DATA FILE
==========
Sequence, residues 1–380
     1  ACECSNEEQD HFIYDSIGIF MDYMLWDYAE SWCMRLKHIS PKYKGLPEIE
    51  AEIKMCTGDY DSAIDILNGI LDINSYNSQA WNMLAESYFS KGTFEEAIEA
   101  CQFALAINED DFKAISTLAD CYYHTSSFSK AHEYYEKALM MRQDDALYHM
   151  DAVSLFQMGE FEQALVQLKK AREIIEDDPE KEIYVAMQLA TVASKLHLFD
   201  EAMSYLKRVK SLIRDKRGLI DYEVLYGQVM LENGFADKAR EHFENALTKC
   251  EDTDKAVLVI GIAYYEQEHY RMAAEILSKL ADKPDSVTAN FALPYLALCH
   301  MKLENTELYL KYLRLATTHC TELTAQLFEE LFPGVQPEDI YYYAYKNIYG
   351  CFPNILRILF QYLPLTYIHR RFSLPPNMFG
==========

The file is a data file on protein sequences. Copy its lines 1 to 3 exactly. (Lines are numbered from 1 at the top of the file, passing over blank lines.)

Sequence, residues 1–380
     1  ACECSNEEQD HFIYDSIGIF MDYMLWDYAE SWCMRLKHIS PKYKGLPEIE
    51  AEIKMCTGDY DSAIDILNGI LDINSYNSQA WNMLAESYFS KGTFEEAIEA